One of the most self-forgetful actions ever performed was by Sergeant Ross. We found a man on the German barbed wire, who was so badly wounded that when we tried to pick him up, one by the shoulders and the other by the feet, it almost seemed that we would pull him apart. The blood was gushing from his mouth, where he had bitten through lips and tongue, so that he might not jeopardize, by groaning, the chances of some other man who was less badly wounded than he. He begged us to put him out of his misery, but we were determined we would get him his chance, though we did not expect him to live. But the sergeant threw himself down on the ground and made of his body a human sledge. Some others joined us, and we put the wounded man on his back and dragged them thus across two hundred yards of No Man’s Land, through the broken barbed wire and shell-torn ground, where every few inches there was a piece of jagged shell, and in and out of the shell-holes. So anxious were we to get to safety that we did not notice the condition of the man underneath until we got into our trenches; then it was hard to see which was the worst wounded of the two. The sergeant had his hands, face, and body torn to ribbons, and we had never guessed it, for never once did he ask us to “go slow” or “wait a bit.” Such is the stuff that men are made of.
The past is a foreign field
The disaster at Fromelles was quickly swept under the carpet. It became known as the battle of “Fleurbaix” and a historical footnote to the British and French offensives further down the line. Pozieres and other battles followed – adding thousands of names to memorials and honour rolls in Australian communities. These battles were in turn dwarfed by those fought by the French and Germans at Verdun, the British on the Somme and at Ypres, and the final German and Allied offensives in 1918.
In recent times amateur and professional historians, archivists, battlefield archaeologists, scientists, government departments and the media have played a part in solving some of the mysteries of the Fromelles battlefield.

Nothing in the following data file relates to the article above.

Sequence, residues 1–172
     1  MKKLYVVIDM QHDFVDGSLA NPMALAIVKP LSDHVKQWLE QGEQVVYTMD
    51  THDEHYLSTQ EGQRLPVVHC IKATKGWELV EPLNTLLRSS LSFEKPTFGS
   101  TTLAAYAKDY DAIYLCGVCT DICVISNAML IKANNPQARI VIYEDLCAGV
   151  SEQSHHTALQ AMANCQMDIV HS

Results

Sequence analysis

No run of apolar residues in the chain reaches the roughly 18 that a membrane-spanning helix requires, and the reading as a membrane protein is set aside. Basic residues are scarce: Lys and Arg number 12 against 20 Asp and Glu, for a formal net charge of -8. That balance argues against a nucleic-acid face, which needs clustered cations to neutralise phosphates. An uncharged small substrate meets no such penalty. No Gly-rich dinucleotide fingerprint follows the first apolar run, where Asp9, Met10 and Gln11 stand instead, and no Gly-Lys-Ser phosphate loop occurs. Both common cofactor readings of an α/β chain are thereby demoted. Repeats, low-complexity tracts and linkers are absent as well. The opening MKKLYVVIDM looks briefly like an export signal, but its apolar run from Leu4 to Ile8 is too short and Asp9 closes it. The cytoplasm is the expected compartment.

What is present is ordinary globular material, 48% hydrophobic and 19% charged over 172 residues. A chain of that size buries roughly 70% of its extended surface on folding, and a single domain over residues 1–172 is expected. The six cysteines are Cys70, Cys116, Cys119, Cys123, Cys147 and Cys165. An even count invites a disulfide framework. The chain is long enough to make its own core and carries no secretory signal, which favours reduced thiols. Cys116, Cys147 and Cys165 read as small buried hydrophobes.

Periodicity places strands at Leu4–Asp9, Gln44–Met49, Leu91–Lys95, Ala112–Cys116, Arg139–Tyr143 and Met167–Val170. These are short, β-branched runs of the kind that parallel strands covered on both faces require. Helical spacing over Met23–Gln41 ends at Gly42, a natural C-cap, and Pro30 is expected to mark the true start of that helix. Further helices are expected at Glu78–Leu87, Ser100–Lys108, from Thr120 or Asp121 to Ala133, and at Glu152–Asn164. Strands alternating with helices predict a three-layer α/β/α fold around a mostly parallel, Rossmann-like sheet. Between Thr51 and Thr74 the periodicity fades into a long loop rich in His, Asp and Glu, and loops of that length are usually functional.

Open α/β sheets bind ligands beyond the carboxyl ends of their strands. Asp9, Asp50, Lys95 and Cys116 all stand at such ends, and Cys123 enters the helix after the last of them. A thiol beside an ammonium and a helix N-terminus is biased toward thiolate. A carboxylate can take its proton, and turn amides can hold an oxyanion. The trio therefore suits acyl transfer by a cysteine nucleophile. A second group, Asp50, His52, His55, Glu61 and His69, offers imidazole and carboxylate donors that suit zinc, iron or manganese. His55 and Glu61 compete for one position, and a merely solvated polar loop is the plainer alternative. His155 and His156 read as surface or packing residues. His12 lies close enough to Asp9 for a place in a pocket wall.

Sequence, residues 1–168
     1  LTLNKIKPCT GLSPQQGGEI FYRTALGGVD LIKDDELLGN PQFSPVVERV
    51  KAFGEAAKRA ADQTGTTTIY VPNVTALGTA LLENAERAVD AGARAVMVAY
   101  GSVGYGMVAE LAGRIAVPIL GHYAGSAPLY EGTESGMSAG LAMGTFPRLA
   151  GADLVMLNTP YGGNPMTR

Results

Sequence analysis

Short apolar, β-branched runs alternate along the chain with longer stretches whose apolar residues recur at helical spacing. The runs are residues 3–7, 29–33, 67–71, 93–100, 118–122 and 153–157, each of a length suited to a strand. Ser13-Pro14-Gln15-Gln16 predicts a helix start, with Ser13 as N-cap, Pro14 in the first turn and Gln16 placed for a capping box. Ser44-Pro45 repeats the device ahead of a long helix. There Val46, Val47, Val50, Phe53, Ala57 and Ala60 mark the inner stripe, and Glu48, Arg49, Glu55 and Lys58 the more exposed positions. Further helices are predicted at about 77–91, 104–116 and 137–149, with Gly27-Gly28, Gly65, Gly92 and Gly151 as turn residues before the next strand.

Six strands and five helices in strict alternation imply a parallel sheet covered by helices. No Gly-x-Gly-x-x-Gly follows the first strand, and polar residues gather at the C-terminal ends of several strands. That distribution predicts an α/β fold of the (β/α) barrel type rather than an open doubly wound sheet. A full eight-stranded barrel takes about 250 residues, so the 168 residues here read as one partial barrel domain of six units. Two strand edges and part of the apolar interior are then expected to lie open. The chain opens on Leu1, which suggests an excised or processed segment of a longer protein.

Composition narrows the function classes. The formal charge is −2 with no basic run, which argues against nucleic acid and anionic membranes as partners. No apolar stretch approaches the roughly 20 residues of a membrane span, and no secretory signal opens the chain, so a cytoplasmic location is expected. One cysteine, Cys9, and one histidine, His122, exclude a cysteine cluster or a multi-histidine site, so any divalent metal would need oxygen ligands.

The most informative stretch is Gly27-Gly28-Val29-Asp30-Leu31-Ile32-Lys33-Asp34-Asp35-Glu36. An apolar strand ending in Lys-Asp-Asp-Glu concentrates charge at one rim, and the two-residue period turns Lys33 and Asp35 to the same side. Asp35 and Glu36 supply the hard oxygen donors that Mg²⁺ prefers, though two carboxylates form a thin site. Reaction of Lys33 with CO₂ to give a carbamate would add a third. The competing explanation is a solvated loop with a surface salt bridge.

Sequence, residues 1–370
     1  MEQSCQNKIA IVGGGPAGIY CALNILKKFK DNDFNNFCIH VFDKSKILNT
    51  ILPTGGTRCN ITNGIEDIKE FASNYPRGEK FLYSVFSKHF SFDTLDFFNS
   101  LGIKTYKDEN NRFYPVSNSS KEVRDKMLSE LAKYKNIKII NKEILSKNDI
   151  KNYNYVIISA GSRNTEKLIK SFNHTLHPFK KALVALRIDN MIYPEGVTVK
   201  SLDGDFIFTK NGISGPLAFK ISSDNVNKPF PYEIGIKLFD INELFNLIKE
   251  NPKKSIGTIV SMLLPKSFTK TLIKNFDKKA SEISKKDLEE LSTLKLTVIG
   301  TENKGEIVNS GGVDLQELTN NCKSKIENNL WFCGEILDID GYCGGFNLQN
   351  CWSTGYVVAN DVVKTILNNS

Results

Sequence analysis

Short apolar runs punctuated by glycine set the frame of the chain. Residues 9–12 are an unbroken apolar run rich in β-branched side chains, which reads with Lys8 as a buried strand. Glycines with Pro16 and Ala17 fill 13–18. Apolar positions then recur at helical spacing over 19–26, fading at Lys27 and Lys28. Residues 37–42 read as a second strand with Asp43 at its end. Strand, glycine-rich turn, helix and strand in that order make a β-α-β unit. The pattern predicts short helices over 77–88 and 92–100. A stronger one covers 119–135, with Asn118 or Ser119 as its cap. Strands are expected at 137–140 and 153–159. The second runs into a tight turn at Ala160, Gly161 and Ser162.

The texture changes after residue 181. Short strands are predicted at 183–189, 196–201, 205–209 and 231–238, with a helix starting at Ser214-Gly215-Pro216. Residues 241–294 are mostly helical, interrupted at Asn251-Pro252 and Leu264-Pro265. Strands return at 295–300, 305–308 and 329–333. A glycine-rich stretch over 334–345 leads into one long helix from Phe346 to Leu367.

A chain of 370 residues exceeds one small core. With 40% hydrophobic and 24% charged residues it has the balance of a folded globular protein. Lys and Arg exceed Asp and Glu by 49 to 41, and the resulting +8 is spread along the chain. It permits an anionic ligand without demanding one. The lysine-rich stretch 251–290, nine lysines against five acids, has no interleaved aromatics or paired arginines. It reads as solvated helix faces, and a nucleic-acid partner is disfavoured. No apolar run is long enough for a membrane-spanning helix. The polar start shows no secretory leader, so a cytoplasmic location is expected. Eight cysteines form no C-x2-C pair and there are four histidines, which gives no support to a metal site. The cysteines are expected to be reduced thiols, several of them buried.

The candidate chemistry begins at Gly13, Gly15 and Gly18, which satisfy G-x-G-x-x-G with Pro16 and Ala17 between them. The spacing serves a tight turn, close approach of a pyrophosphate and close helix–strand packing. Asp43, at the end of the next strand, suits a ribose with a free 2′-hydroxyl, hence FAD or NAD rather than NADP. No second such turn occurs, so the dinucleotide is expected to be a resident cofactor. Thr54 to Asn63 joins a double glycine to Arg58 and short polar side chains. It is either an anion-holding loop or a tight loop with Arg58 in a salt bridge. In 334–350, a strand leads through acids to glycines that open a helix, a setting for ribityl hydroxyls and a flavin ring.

By the mid 2000s research work initiated by retired art teacher and WW1 enthusiast Lambis Englezos had gathered a strong body of circumstantial evidence based on cross-referenced photographic, archival, Red Cross and Commonwealth war records. Lambis and his group were convinced that the Germans had buried Australians in unmarked pits at the corner of a small wood near the town of Fromelles. They calculated that these mass graves could contain the bodies of about 167 missing Diggers.
After a lengthy and somewhat frustrating process, articles in the media and threats of a rival unofficial dig, a limited exploratory survey led by a British team was commissioned in 2008. Its findings revealed enough material evidence to recommend a full scientific excavation of the site.
Archived Bavarian regimental reports and orders20 confirmed the digging of a mass grave behind Pheasant Wood and verified that bodies were buried in this location. (General Haking and Lieut. Gen. Mckay refused to agree to a truce allowing the Australians to collect and bury their dead, adding to their unpopularity.) In all probability these mass graves contained the missing bodies of Australian soldiers collected by the Germans after the battle, as Australia’s official historian C E W Bean inferred after the war in 1920.
The pieces of the jigsaw having fallen into place, the project gathered enough momentum to garner full Australian Government support. This led to a fully funded examination, exhumation and relocation of remains in 2009. A brand new cemetery and memorial was dedicated in a ceremony in 2010.